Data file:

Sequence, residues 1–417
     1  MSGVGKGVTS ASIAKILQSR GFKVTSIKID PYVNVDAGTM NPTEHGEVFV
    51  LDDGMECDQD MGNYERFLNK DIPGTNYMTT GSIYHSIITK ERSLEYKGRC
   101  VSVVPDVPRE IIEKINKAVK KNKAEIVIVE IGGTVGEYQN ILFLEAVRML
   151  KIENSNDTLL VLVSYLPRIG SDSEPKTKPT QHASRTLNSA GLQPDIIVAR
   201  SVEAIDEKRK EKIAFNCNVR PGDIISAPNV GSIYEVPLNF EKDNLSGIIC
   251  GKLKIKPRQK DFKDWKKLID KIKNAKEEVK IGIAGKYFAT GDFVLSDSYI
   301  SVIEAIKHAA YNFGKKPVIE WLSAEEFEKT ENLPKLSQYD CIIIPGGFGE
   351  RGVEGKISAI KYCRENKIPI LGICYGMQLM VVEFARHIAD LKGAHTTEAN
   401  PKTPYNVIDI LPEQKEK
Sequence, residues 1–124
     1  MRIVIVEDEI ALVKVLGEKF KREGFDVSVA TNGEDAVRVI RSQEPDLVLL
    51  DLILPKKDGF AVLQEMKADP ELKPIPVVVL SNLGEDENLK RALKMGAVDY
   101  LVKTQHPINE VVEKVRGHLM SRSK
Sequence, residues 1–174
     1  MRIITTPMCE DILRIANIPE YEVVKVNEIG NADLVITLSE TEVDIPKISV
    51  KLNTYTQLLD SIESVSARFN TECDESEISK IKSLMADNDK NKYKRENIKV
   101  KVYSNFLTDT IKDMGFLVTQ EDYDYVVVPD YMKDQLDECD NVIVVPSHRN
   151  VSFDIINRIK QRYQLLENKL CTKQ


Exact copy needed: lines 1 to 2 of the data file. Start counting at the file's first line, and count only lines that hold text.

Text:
Sequence, residues 1–417
     1  MSGVGKGVTS ASIAKILQSR GFKVTSIKID PYVNVDAGTM NPTEHGEVFV